The phenomenon of music created during the time of the coronavirus, already covered in depth by this magazine and countless other outlets, won’t be fully understood for years: How, critics will undoubtedly ponder, was the era’s art affected by the circumstances in which it was made? What Comes Next—note the optimistic lack of a question mark in the title—features guitarist Peter Bernstein and three other musicians playing nine pieces live in a New York studio while observing social distancing protocols. On the surface, that may not seem so unusual; musicians are likely to remain six feet apart while playing together in normal times. But was the virus’ oversized presence in the outside world influencing them while they did so?
These questions are addressed in Steve Futterman’s liner notes, in which Bernstein is quoted as saying he felt emotionally impacted by the very notion of picking up his instrument last June and going out to play again with others. Happily, though, there doesn’t appear to have been any noticeable difference within the music itself. On six Bernstein originals and three covers, the quartet—including pianist Sullivan Fortner, bassist Peter Washington, and drummer Joe Farnsworth—is fully present; there is no sense of tension or caution in their interactions, no hovering hesitance. The musicians dig in and give their all.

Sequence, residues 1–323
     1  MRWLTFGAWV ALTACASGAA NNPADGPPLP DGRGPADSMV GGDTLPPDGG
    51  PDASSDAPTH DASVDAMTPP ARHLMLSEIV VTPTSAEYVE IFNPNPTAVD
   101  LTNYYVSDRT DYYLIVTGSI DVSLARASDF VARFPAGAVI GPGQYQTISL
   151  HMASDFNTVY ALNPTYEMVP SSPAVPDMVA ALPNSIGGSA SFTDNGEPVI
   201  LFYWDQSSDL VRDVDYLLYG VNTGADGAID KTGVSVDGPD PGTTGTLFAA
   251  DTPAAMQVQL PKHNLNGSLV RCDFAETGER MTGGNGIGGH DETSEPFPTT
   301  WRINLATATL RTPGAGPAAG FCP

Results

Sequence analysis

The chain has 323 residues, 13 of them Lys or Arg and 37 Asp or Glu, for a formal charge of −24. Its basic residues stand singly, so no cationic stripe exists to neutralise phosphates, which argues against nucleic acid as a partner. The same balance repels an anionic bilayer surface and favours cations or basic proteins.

“Harbor No Illusions,” one of the Bernstein compositions, is a highlight, the guitarist and pianist playing a particularly intense game of tag while Farnsworth and Washington rage alongside them. The title track swings at a sturdy pace, while the easygoing “Empty Streets” reflects the eerie yet strangely calming feeling of living in a usually teeming city now so subdued. Among the covers, Dizzy Gillespie’s “Con Alma” is a gem, full of heart and life. For the music, on this day at least, it was business as usual.